Taissumanni, Feb. 17

Thank you, Peter Freuchen


The world-famous writer and Arctic traveller Peter Freuchen is responsible for the idea that lending libraries should pay authors for use of their work. (HARPER COLLECTION)

The world-famous writer and Arctic traveller Peter Freuchen is responsible for the idea that lending libraries should pay authors for use of their work. (HARPER COLLECTION)

Sometime this spring a small cheque will arrive in my mailbox.

It will come from the Public Lending Right Program of the Canada Council for the Arts. It will be based on a sampling from certain libraries of the number of my published copyrighted titles that were held by Canadian libraries during the past year.

Canada is one of a number of countries that have a public lending right program. It has had it since only 1986.

And Canadian authors, like myself, who register their books with the program, have Arctic explorer Peter Freuchen to thank for those small cheques we receive.

Freuchen spent many years living among the Inuit of isolated northern Greenland in the early years of the 1900s. He helped to found the Thule trading station with his great friend, Knud Rasmussen, and married Navarana, a young woman of the tribe.

She died in 1919 before the beginning of Freuchen’s next great adventure, his participation as geographer on the Fifth Thule Expedition to northern Canada. He froze his foot on that expedition, and had it amputated by a Hudson’s Bay Company ship’s doctor.

Returning to Denmark after the expedition, he found the market for amputee Arctic explorers to be rather thin and turned his attention to writing about his experiences among the Inuit.

He had a flair for writing—and some say for exaggerating—about some of the experiences he had and the dangers he survived. He would eventually become world famous for his writings.

But in 1929 he was known only to the limited readership of Denmark, his works available only in Danish. In that year, he published his fourth book, Nordkaper, in Danish.

The idea that a writer should be compensated when a library lent out his works was not a new one; it had been percolating in the Danish literary world for a decade.

But Peter Freuchen was the first to make a tangible effort to put some flesh on the bare bones of that idea. He and his publisher, Steen Hasselbach, took the unusual step of publishing a notice in the book’s preliminary matter, a notice prohibiting the loan of the book without permission of the author.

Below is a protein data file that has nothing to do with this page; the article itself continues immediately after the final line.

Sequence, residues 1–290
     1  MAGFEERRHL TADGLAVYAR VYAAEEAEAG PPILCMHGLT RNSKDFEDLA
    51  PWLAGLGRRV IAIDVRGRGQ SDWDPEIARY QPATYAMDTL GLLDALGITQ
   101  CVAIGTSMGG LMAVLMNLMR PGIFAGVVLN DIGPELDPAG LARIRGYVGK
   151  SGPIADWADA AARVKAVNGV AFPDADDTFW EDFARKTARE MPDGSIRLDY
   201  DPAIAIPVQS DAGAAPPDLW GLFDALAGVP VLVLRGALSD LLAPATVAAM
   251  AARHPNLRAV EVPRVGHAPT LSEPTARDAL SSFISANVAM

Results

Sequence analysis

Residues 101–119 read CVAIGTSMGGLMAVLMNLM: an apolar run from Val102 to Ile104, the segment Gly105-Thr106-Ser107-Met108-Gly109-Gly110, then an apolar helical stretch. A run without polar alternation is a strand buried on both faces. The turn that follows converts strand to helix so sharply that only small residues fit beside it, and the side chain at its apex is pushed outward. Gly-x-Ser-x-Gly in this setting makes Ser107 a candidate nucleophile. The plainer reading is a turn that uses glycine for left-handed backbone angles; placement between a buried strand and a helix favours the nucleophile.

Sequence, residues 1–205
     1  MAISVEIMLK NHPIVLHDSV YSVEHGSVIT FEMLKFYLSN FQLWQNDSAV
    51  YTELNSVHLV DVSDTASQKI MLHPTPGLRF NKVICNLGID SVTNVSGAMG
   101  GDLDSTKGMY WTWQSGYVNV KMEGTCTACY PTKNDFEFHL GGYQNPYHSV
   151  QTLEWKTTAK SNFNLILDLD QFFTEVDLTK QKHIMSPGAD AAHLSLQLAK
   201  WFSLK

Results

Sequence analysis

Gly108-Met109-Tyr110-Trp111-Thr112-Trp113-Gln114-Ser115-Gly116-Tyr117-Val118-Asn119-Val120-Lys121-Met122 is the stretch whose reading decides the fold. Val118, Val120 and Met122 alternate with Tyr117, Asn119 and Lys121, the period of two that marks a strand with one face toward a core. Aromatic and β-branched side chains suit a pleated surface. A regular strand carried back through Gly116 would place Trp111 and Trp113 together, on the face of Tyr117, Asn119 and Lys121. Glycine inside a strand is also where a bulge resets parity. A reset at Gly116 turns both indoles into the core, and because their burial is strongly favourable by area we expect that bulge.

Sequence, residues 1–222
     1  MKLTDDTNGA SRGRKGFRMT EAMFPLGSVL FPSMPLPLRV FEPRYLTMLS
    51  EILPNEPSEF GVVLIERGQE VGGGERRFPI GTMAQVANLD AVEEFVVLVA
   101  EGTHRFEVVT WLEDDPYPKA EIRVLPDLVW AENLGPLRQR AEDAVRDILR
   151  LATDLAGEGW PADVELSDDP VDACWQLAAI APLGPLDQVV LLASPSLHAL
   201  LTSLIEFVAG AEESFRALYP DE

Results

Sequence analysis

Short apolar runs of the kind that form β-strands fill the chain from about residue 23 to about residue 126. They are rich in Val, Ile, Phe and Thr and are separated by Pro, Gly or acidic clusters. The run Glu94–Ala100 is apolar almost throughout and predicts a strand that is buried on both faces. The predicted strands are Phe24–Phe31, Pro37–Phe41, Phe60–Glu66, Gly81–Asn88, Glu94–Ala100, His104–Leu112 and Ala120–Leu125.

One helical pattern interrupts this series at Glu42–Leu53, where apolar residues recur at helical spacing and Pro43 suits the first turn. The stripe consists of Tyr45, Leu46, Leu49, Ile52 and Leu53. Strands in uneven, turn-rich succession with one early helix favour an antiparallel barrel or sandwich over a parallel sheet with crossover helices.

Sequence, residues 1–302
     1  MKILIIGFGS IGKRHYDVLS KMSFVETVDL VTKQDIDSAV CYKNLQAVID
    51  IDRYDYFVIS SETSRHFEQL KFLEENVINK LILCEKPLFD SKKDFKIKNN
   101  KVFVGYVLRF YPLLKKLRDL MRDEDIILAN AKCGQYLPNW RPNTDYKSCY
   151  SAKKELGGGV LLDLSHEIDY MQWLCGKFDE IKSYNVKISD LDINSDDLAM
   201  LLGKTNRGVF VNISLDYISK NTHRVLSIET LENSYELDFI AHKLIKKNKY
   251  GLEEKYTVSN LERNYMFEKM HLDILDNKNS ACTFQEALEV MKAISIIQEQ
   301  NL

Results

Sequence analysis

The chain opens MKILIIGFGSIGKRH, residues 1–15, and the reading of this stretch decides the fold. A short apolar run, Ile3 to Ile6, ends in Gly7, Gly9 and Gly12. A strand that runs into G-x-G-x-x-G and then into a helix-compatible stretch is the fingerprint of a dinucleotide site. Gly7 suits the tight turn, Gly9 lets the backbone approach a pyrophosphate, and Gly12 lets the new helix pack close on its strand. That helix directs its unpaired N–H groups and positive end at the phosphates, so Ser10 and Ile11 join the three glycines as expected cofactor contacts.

The notice went on to suggest that permission would be granted if the lending library paid a fee for each loan, or—a completely impractical suggestion—if the library paid double the purchase price for its copy of the book.

A Danish subscription library—a library financed by private funds, often by memberships—took Freuchen up on this challenge, and the matter ended up in court in a case known as the Nordkaper case.

The court found in favour of Freuchen, reasoning that “the plaintiff had a legitimate interest in preventing his book from being lent and was entitled to impose that restriction.”

At that point, Danish authors would seem to have been in the driver’s seat, but they did not pursue their advantage aggressively, many feeling that they already received grants from the government, and that this might look like double-dipping. Negotiations proceeded at a snail’s pace.

In 1941, the Danish government announced that it intended to fund a scheme to compensate authors for two purposes: to improve their financial positions, and to provide reasonable compensation for the lending of their works by libraries.

But then World War Two intervened and Denmark was occupied by Germany. The Danish legislation was finally enacted in 1946, after the end of the war.

Other Scandinavian countries followed suit. Denmark and Norway saw their programs as a means of supporting their authors and “re-establishing their national cultures after the war.”

Freuchen had prevailed. The irony is that by the end of the war, he was no longer just a Danish author, but one internationally known. Nordkaper had been translated into English and published in 1932 as The Sea Tyrant. Many more English titles followed.

Following the war, Freuchen relocated to the United States, where he spent the last decade of his life. He died of a heart attack in Alaska in 1957. A further irony is that the United States has never adopted a public lending right program.

Peter Freuchen’s books will never be rare. That’s because they sold so well.

They were so popular that copies on the aftermarket have never become scarce. A search on Advanced Book Exchange (ABE) shows over 1,000 copies of various titles for sale.

To return to the public lending right program: Different countries have different models. Canada’s is based on library holdings, not loans.

In other countries, the programs are based on actual circulation. Over 17,000 Canadian authors are registered with the program.

No one will ever get rich by their participation; the average payment in the last year reported was $563. Nunavut has only two authors registered, but only one received a payment in the last report.

Taissumani is an occasional column that recalls events of historical interest. Kenn Harper is a historian and writer who lived in the Arctic for over 50 years. He is the author of “Minik, the New York Eskimo” and “Thou Shalt Do No Murder,” among other books. Feedback? Send your comments and questions to kennharper@hotmail.com.

Share This Story

(0) Comments